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Fantastic Fatehpur Sikri Says Forget Me Not

Today I move from people to places, for the letter F kind of stumped me, at least as far as people from Indian history or mythology that I know or would love (or have enough information) to write about. So, a place it is and that place is fantastic Fatehpur Sikri saying forget me not through this list poem of sorts.

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Fantastic Fatehpur Sikri

The Fabled Fantastic Fatehpur Sikri
In Fatehpur Sikri, where the ancient walls stand tall,
There’s so much to see, it’s hard to list it all.
But here are some sights I think you should see
In this ancient beautiful historic city.

The Buland Darwaza, a triumphal gateway so grand,
Built to celebrate a victory, it proudly stands.
With intricate carvings and 54 metres tall
This gate stunningly welcomes one and all.

Through the grand gate, the Great Mosque you can see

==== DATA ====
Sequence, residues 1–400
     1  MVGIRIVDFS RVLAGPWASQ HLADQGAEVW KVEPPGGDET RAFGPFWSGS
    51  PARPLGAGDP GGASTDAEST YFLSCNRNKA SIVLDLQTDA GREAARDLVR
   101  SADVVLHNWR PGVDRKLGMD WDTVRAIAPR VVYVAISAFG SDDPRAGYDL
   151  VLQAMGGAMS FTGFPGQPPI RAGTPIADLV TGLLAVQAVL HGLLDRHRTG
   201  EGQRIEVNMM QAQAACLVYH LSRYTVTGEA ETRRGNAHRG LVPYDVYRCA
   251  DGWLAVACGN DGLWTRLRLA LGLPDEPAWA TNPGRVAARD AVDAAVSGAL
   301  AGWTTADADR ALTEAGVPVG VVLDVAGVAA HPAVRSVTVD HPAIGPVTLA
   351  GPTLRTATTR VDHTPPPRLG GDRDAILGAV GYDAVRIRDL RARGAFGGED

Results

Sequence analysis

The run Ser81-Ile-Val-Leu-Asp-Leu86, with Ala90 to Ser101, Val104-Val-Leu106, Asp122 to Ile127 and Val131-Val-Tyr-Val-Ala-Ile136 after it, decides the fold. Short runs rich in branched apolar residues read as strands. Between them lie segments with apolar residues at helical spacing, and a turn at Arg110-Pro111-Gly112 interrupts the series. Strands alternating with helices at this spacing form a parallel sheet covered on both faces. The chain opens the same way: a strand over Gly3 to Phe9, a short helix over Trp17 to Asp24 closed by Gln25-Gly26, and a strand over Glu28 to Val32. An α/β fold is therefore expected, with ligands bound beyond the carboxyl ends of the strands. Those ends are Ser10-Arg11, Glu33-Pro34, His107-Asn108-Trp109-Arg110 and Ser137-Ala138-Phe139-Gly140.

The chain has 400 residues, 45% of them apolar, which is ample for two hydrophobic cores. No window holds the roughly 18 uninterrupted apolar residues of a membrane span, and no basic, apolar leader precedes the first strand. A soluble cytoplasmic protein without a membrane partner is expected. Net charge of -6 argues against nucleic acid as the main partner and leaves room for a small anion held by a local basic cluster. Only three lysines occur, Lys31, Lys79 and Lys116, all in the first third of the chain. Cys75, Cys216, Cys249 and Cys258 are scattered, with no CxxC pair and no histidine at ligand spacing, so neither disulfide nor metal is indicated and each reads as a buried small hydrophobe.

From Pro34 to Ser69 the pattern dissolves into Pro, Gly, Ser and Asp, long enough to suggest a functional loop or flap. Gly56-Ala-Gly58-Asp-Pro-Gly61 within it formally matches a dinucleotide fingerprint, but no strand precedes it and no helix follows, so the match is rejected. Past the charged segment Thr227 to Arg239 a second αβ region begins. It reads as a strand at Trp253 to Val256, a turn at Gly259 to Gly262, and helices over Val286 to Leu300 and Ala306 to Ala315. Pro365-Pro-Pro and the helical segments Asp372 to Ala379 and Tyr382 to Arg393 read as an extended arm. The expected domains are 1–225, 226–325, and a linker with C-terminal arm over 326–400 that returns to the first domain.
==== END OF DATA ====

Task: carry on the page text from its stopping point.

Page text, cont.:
A place to congregate, to be one with divinity
It is the Jama Masjid, with a unique design,
Where Islamic, Hindu, and Jain elements intertwine

Tomb of Salim Chishti, a site of devotion,
The saint’s blessings, a much-sought-after notion.

The Diwan-i-Khas, the hall of private audience,
Here Akbar held court with unparalleled prudence.

The Panch Mahal, a five-storey tower,
A place for respite, for that leisure hour.

Jodha Bai’s Palace, a stunning fusion of cultures,
A beautiful blend of Mughal and Hindu architectures.

The Birbal Bhawan, where wit and humor had their say,
And the Anup Talao, a peerless pool where music and poetry held sway.